Municipal Bonds

Municipal Bonds (also referred to as “Munis”) are debt issued by local governments, state governments, districts, and other entities that serve a civic purpose.

This includes states, towns, cities, counties, school districts, hospitals, transportation authorities, universities and colleges, housing projects, road and highway authorities, water districts, and power districts.

Governments and special purpose entities borrow money to finance infrastructure projects, make capital improvements, and build or make improvements to schools, roads, bridges, hospitals, power systems, and for other general purposes.

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In the bond market, any entity that borrows money by issuing bonds is known as an issuer.

When a government issues Municipal Bonds, they are borrowing money to be paid back at a later date.

The date that the bonds need to be redeemed, meaning paid back, is known as the maturity date.

To entice bondholders to buy the bonds, issuers pay interest.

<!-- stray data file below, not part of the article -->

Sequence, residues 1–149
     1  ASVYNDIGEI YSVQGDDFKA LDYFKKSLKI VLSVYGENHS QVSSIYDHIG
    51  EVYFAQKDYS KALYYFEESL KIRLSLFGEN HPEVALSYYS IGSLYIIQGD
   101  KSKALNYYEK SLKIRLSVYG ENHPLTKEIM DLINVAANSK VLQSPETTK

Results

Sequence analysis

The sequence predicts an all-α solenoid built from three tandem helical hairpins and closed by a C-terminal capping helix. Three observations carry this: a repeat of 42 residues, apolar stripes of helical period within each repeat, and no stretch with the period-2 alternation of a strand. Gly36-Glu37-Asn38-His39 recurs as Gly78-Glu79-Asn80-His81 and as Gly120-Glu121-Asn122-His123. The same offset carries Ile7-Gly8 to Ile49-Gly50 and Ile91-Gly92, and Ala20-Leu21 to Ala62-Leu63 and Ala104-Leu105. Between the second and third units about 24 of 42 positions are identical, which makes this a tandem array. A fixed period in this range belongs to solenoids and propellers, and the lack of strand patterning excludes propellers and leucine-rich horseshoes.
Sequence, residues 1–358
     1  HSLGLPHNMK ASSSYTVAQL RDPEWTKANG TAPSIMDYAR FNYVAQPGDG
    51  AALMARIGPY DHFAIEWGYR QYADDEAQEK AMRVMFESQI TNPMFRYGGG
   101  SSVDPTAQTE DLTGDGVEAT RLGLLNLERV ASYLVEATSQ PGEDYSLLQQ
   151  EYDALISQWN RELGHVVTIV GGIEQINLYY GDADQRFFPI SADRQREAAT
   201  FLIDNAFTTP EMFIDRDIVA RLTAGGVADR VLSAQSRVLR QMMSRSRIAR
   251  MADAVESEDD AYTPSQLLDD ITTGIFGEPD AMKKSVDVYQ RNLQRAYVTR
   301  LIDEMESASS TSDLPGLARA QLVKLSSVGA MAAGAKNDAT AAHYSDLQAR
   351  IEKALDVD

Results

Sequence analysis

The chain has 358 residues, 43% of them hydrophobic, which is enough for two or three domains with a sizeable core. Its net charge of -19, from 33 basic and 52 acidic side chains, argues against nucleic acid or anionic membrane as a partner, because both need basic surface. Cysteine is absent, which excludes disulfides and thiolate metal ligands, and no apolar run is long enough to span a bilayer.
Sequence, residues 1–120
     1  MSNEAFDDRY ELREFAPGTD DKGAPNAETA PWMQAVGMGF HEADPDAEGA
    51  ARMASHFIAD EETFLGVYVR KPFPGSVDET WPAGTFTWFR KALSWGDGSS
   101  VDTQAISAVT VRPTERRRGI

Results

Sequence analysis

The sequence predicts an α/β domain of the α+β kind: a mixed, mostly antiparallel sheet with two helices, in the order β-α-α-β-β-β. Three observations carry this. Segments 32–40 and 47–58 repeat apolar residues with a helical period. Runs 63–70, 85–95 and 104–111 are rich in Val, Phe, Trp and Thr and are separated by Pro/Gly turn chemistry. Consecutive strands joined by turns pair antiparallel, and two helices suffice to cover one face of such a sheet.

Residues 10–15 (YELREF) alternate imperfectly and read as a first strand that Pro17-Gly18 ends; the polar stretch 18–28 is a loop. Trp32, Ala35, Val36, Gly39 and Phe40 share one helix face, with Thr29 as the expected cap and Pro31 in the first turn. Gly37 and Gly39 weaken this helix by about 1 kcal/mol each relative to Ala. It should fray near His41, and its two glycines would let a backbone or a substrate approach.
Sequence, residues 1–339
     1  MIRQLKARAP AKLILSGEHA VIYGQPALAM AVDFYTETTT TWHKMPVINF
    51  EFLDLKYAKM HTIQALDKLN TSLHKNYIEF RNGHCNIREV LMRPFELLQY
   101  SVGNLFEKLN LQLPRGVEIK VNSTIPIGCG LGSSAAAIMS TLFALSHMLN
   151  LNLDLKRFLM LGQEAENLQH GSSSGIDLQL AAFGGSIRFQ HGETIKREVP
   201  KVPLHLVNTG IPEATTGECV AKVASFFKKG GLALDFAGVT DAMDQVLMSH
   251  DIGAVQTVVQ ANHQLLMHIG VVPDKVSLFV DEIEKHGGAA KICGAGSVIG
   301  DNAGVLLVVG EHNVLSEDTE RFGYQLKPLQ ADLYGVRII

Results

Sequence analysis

For most Municipal Bonds, the interest received by the bondholder is "exempt" or tax-free from federal income taxes.

"Munis" can also be free from state income taxes.

There are over 50,000 different government entities that have issued Municipal Bonds, and over 1.5 million different Municipal Bond issues.

This means that there is enormous diversity in Municipal Bonds in terms of interest rates, maturity, safety, and how easy they are to buy and sell.

If you buy a Municipal Bond issued in the state where you reside, the interest you earn on the bond is usually exempt from federal, state and local income taxes.

This is not always the case however, so its important to read the bond’s offering statement to find out the exact tax status of the bond.

Municipal Bonds are usually only available in increments of $5,000 of face value.

This means you can buy $5,000, $10,000, $15,000, and so on as long as the face value of the bonds is a multiple of $5,000.

The minimum increment is $5,000 of bonds.

In most instances, interest is paid every six months until the maturity date, when you get the face value of the bonds paid back to you.

The annual rate of paid on a bond is known as the coupon.

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To a large degree, the supply of new Municipal Bond issues coming to market is predictable, as it displays strong tendencies at certain times during the year.

States and municipalities tend to close out their fiscal years on June 30th.

As a result, June is a heavy issuance month as well as September, October, and November.

All else being equal, the increased supply during these times often causes Municipal Bond yields to increase, and therefore may provide a buying opportunity.

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